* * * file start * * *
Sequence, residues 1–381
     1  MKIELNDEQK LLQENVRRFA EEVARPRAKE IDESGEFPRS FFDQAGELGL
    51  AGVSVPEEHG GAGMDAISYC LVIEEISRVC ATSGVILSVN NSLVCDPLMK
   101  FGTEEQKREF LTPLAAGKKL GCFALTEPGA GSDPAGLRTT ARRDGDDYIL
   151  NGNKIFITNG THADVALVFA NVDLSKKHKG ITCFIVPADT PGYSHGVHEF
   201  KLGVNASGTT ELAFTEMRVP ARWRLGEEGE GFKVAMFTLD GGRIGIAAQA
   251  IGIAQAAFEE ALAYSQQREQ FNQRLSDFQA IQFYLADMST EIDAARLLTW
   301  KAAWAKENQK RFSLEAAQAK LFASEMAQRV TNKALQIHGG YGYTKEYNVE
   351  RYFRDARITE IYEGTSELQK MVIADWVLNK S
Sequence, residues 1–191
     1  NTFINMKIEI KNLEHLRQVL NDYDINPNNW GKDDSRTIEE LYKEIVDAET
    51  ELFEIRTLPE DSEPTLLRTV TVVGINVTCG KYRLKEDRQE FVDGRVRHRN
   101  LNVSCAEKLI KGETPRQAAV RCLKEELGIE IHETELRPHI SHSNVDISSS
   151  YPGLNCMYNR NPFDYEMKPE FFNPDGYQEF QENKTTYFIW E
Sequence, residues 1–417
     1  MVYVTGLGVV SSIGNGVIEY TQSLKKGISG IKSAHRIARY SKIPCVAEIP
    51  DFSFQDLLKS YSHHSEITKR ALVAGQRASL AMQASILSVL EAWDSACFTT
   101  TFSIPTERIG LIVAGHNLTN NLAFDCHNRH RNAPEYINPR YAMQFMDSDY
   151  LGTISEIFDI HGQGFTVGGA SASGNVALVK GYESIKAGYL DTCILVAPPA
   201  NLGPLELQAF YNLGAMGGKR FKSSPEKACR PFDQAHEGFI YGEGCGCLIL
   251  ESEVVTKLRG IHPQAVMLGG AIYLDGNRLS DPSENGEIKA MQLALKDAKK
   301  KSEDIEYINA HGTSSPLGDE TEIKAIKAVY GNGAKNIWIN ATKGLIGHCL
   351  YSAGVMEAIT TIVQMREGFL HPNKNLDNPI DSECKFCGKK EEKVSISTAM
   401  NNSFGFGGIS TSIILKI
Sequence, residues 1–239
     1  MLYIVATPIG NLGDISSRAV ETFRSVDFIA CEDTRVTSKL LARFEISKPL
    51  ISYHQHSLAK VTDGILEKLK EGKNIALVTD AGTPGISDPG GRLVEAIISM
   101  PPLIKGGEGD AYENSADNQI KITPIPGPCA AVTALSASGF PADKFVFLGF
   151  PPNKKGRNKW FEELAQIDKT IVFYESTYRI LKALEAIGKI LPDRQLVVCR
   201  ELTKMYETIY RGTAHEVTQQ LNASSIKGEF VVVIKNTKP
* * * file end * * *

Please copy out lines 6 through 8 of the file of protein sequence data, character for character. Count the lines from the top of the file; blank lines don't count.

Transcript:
   201  KLGVNASGTT ELAFTEMRVP ARWRLGEEGE GFKVAMFTLD GGRIGIAAQA
   251  IGIAQAAFEE ALAYSQQREQ FNQRLSDFQA IQFYLADMST EIDAARLLTW
   301  KAAWAKENQK RFSLEAAQAK LFASEMAQRV TNKALQIHGG YGYTKEYNVE